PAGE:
The months roll by on the Bluecircle and soon the last of the Fall colors will be under the first blanket of lake-effect snow. Mowing is almost done for this year and both the machine and mower are ready for a break. The red oak grove and Douglas firs pictured here hide the spruce and pines behind, but the last leaves remaining at the top of the poplars show them towering over the field. After six years of planting, sun and rain this area of the farm is beginning to mature.
North Watervliet Road at the bottom of this hill marks the east edge of the property. Two-year tulip poplar, maple and oak seedlings here will eventually define a path into the older plantings above. White plastic “grow tubes” around some of the maples are needed to discourage grazing by the doe and fawns that traverse this entrance to the farm.
Looking northwest over a recently cleared and planted area with hybrid poplars and tiny pines in the foreground. Taller Scotch pines and wind-bent poplars are beginning to hide the storage barns. Behind this clearing rows of white and blue spruce seedlings will mark a corner of the Bluecircle.
The mowing season is nearly over and as the last weed blossoms fade the dark green of healthy conifers shines through. Although the volume of rainfall in late summer was less than ideal, seedlings from one and two years ago show substantial growth. A warm September may have stretched another inch or two of growth in some rows. The marking flags so critical to locating seedlings in their first year have torn and faded. Their rusted remnants will be pulled in the Spring.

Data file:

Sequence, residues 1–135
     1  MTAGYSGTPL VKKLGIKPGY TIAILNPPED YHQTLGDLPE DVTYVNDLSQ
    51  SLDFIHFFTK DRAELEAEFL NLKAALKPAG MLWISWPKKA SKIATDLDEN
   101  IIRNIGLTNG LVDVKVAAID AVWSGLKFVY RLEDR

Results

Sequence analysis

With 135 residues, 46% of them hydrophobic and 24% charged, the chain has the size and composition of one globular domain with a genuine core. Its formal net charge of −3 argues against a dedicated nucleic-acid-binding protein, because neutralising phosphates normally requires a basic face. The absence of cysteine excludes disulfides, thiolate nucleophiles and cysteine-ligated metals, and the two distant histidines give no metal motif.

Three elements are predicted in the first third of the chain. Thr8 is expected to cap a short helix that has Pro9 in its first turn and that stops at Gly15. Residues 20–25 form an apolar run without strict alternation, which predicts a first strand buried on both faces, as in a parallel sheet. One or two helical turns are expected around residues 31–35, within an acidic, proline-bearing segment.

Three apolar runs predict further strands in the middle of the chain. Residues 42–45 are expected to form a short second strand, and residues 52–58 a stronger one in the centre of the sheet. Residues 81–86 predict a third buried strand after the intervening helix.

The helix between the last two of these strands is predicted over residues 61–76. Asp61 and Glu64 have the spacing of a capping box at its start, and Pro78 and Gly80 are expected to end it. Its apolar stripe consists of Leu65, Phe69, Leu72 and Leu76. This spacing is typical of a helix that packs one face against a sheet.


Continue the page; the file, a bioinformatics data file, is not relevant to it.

Two rows of sycamore, a future shady lane, are rising between hybrid poplars that grow even more rapidly. Walking/biking trails were not in the original Bluecircle plan but as more and more of the acreage is filled with trees they become a possibility.
Future sycamore lane
Some of the tulip poplar, maple and oak seedlings planted this year have been growing in tree shelters that stand like tall white straws on the downslope to N. Watervliet Rd. This was a pilot project since the shelters cost substantially more than seedlings, but so far survival and growth in the ventilated plastic tubes is encouraging. The shelters should discourage browsing deer as well.
Poplars verus weeds, poplars win!